The latest complaint from the right wing Republicans is the concern that poverty has benefitted from what was up until now the general prosperity of the nation. Taking as the starting point of data to be reviewed from the start of the great anti-poverty programs of the Johnson era, poor people are better off now. Thus what is identified as poverty by the US Census Bureau and the Department of Health and Human Services, a family of four making $22,350 annually, have more amenities than the same family with a lower income back in 1970.
There are an estimated 43M people designated as poor as of the 2010 census. Some Republicans think that number is too high, given that said people back in the day didn’t have the standard of living experienced by many poor people nowadays.
Thus, the reporters and pundits at Fox News are crying foul. Through various sources they have determined that “poor” people in 2011 are not your grandfather’s poor people. 99 percent of those at or below the poverty level have refrigerators. Now whether they actually own these and other items listed is not determined.
81 percent have a microwave and 78 percent have air conditioners. Gosh, there are members of my family who don’t have air conditioners in every room! 63 percent have cable TV; 54 percent have cell phones.
48 percent have a coffee making machine while 24 percent have a dish washer. I contend that every family has a dishwasher; whether it is a machine or not, that’s where that figure comes from, I assume.
Of all Americans, a majority (51 percent) paid no income tax in 2011. Yet, despite this windfall of monetary bloat, the lowest 50 percent of the country owns 2.5 percent of the nations wealth. Still those Republicans are feeling ripped off!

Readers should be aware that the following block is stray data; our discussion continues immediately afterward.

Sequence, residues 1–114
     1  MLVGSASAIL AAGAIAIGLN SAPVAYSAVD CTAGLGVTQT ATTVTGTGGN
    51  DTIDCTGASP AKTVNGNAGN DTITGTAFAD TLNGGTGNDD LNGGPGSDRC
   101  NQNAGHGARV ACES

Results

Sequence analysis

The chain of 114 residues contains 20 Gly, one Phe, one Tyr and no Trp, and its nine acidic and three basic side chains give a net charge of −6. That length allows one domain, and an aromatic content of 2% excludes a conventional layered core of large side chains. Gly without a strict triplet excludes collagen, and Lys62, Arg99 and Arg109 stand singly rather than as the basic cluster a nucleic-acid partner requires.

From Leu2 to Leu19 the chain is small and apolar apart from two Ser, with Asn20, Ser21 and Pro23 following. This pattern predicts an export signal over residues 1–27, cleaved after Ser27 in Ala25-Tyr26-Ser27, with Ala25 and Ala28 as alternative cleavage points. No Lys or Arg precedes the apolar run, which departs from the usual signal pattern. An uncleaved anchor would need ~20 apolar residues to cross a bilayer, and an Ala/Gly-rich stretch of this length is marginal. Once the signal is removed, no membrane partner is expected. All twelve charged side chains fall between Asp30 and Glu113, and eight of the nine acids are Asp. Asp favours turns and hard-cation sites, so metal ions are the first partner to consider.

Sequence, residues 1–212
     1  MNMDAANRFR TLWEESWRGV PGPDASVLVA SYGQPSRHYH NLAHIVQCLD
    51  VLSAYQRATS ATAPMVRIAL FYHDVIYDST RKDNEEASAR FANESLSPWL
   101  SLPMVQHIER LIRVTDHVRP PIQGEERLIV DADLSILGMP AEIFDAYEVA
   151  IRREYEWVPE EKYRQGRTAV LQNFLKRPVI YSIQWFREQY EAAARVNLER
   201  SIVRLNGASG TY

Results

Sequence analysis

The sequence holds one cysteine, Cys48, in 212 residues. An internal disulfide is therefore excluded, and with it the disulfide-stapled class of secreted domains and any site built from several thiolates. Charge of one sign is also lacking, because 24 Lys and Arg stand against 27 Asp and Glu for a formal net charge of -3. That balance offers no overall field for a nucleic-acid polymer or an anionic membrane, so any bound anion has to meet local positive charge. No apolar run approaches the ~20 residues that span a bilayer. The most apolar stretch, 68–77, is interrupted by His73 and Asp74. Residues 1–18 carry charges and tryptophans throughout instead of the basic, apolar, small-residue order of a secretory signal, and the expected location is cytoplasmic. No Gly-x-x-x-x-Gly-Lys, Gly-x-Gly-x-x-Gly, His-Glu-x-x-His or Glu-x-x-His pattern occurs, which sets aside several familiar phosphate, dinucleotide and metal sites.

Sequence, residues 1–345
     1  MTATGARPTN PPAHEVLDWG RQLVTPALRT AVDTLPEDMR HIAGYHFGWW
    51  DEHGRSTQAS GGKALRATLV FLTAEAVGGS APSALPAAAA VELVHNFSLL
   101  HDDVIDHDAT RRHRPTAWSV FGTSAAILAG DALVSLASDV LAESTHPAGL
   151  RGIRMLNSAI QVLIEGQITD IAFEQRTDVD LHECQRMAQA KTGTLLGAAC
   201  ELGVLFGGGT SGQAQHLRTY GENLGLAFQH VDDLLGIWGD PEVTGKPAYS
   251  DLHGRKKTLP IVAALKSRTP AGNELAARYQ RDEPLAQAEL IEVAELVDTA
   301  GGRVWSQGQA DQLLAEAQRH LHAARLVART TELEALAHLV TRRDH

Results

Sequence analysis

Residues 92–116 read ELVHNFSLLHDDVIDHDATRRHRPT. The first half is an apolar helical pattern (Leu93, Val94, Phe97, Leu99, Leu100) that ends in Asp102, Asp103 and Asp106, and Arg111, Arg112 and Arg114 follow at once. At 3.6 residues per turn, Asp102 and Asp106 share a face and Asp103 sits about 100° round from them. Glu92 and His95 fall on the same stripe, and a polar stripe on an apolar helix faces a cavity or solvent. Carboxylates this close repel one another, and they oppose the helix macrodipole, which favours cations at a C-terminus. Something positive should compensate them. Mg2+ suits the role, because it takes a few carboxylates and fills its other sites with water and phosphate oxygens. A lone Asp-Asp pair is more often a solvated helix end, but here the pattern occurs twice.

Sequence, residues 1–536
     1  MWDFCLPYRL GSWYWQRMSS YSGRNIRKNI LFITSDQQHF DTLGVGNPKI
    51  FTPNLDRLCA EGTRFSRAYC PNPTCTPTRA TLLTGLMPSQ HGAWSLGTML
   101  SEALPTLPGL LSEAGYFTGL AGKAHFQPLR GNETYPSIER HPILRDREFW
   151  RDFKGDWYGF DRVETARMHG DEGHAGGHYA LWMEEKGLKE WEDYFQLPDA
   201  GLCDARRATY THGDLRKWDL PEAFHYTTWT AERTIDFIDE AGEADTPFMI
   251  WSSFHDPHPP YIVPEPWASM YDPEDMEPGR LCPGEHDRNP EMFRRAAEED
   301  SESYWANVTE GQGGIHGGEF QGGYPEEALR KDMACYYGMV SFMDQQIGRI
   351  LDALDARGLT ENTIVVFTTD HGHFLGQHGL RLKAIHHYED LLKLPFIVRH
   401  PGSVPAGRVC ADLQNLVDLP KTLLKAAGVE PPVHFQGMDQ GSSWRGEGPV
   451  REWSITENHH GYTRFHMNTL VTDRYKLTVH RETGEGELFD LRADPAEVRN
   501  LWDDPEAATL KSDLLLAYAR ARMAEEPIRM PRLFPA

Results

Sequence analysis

There’s a push from politicians and right wing talking heads that more Americans, if not all, should have some “skin” as far as paying some proportion of their income in taxes. This despite the fact that poor people do pay Social Security payroll taxes. and the various excise and local sales taxes as well.
The problem is, in “today’s economy," the poor just are not suffering enough.
I don’t know how much my readers may travel throughout the country. Most likely, your tourist vacations don’t take you through where most of the “poor” people live. On some of my trips through this great land mass of America, I have travelled and spent time in states like Arkansas, the Appalachian mountain states and Idaho.
In Arkansas, the poorest region of one of the poorest states in the country, there’s a large part of the population who live in ramshackle homes, run-down trailers pitched off the road in the woods and make-shift wooden shacks, many with rippled tin roofs. Similar housing is available at what I assume are affordable prices, in the Appalachian mountains and the northern mountains of Idaho. I noticed in many cases those with refrigerators kept them on the porches of the single family dwellings. Rusting cars decorated their yards. Large vegetable gardens were tended by children in hand-me-down clothes whether too large or too small.
There were a noticeable number of shot guns and rifles among these groups as well. This was for hunting whatever stray squirrels, possum, raccoons, with occasional larger kills during the appropriate hunting seasons. Fishing was another important source of daily food.
My observations of these areas dated back five to ten years. Perhaps they have acquired air conditioning or a micro wave in the meantime.
Certainly the conditions of poor Americans have improved greatly in the past half decade. I doubt many of those in the mountains had much by way if cell phones since there’s probably not much cell coverage there.
Are there people working the system? Yes, there are.There is a subculture of people who live in subsidized housing yet have sufficient funds to eat take out much of the week, have cellphones for their families, and wear brand name and designer label clothes. Many have not worked for some time due to disabilities and lay offs.
How can we remove the wheat from the chaff in these instances? More social workers to visit homes of people receiving assistance could help. However, those people are being laid off as quickly as any other.
The one thing that is not fair is to cut the entire programs by some arbitrary percentage. Remember, as Jesus said, the poor we will have with us always. I just don’t want it to be anyone I know and love.
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